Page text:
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About the Author: E. Nesbit

Edith Nesbit (married name Edith Bland; 15 August 1858 – 4 May 1924) was an English author and poet; she published her books for children under the name of E. Nesbit.
She wrote or collaborated on over 60 books of fiction for children, several of which have been adapted for film and television. She was also a political activist and co-founded the Fabian Society, a socialist organisation later connected to the Labour Party.

Edith Nesbit was born in Kennington, Surrey, the daughter of agricultural chemist and schoolmaster John Collis Nesbit. The death of her father when she was four and the continuing ill health of her sister meant that Nesbit had a transitory childhood, her family moving across Europe in search of healthy climates only to return to England for financial reasons. Nesbit therefore spent her childhood attaining an education from whatever sources were available—local grammars, the occasional boarding school but mainly through reading.

At 17 her family finally settled in London and aged 19, Nesbit met Hubert Bland, a political activist and writer. They became lovers and when Nesbit found she was pregnant they became engaged, marrying in April 1880. After this scandalous (for Victorian society) beginning, the marriage would be an unconventional one. Initially, the couple lived separately—Nesbit with her family and Bland with his mother and her live-in companion Maggie Doran.

Initially, Edith Nesbit books were novels meant for adults, including The Prophet's Mantle (1885) and The Marden Mystery (1896) about the early days of the socialist movement. Written under the pen name of her third child 'Fabian Bland', these books were not successful. Nesbit generated an income for the family by lecturing around the country on socialism and through her journalism (she was editor of the Fabian Society's journal, Today).

In 1899 she had published The Adventures of the Treasure Seekers to great acclaim.

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, Published in Jan 1970 by BiblioLife, LLC

ISBN10: 1147884560 | ISBN13: 9781147884562

The Literary Sense
by E. Nesbit


SHE was going to meet her lover. And the fact that she was to meet him at Cannon Street Station would almost, she feared, make the meeting itself banal, sordid. She would have liked to meet him in some green, cool orchard, where daffodils swung in the long grass, and primroses stood on frail stiff little pink stalks in the wet, scented moss of the hedgerow. The time should have been May. She herself should have been a poem—a lyric in a white gown and green scarf, coming to him through the long grass under the blossomed boughs. Her hands should have been full of bluebells, and she should have held them up to his face in maidenly defence as he sprang forward to take her in his arms. You see that she knew exactly how a tryst is conducted in the pages of the standard poets and of the cheaper weekly journals. She had, to the full limit allowed of her reading and her environment, the literary sense. When she was a child she never could cry long, because she always wanted to see herself cry, in the glass, and then of course the tears always stopped. Now that she was a young woman she could never be happy long, because she wanted to watch her heart's happiness, and it used to stop then, just as the tears had.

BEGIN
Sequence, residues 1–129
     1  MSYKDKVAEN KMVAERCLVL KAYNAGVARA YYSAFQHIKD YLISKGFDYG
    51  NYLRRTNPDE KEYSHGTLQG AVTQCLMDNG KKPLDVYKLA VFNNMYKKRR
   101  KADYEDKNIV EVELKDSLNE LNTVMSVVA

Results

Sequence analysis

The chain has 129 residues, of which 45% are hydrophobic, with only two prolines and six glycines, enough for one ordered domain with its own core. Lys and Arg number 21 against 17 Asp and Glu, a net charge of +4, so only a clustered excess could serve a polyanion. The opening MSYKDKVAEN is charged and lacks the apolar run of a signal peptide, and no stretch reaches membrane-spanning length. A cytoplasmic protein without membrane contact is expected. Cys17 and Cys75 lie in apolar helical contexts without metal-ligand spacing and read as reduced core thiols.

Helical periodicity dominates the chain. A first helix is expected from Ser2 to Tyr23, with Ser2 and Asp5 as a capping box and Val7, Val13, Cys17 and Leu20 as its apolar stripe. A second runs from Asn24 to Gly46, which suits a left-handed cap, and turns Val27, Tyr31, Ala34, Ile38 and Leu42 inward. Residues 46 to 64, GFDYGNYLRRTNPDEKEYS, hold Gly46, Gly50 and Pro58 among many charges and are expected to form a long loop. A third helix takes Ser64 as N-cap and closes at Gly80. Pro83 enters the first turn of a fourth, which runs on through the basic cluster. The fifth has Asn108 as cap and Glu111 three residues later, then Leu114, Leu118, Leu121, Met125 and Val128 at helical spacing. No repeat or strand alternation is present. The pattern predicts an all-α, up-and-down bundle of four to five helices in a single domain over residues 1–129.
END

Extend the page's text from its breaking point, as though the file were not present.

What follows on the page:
He had asked her to meet him at Cannon Street; he had something to say to her, and at home it was difficult to get a quiet half-hour because of her little sisters. And, curiously enough, she was hardly curious at all about what he might have to say. She only wished for May and the orchard, instead of January and the dingy, dusty waiting-room, the plain-faced, preoccupied travellers, the dim, desolate weather. The setting of the scene seemed to her all-important. Her dress was brown, her jacket black, and her hat was home-trimmed. Yet she looked entrancingly pretty to him as he came through the heavy swing-doors. He would hardly have known her in green and white muslin and an orchard, for their love had been born and bred in town—Highbury New Park, to be exact. He came towards her; he was five minutes late. She had grown anxious, as the one who waits always does, and she was extremely glad to see him, but she knew that a late lover should be treated with a provoking coldness (one can relent prettily later on), so she gave him a limp hand and no greeting.

"Let's go out," he said. "Shall we walk along the Embankment, or go somewhere on the Underground?"

It was bitterly cold, but the Embankment was more romantic than a railway carriage. He ought to insist on the railway carriage: he probably would. So she said—

"Oh, the Embankment, please!" and felt a sting of annoyance and disappointment when he acquiesced.

They did not speak again till they had gone through the little back streets, past the police station and the mustard factory, and were on the broad pavement of Queen Victoria Street.

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